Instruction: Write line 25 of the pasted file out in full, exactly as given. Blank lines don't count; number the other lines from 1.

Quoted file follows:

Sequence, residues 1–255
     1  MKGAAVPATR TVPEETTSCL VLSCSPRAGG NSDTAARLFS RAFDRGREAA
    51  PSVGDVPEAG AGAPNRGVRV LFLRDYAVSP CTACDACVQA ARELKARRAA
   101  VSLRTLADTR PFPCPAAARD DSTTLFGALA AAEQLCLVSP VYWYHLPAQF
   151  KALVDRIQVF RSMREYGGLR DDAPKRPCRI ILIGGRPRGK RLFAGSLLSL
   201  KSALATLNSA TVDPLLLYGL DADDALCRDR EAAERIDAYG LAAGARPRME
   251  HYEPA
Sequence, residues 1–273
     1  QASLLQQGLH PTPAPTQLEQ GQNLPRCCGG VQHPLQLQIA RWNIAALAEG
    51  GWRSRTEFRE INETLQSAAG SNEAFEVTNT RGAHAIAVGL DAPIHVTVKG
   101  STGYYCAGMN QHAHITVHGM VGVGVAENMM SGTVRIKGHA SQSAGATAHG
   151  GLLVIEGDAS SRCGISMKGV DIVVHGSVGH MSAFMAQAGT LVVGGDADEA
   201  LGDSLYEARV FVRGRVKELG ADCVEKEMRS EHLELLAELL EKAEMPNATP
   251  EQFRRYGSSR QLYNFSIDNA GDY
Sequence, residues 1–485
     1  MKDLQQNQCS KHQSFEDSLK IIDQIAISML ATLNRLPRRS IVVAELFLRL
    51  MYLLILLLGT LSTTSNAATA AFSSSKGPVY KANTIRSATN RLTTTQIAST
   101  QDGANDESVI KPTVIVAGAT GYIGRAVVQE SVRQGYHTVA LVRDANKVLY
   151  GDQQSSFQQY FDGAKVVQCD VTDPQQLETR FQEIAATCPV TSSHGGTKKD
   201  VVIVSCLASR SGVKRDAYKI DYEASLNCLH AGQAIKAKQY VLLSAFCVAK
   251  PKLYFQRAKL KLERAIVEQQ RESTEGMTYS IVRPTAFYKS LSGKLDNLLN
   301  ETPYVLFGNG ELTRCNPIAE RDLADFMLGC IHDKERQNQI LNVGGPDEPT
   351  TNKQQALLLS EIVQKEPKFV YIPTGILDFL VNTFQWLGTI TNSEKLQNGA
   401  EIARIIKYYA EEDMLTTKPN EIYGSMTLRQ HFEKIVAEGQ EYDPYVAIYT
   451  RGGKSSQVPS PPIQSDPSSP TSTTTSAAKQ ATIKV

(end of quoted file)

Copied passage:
   451  RGGKSSQVPS PPIQSDPSSP TSTTTSAAKQ ATIKV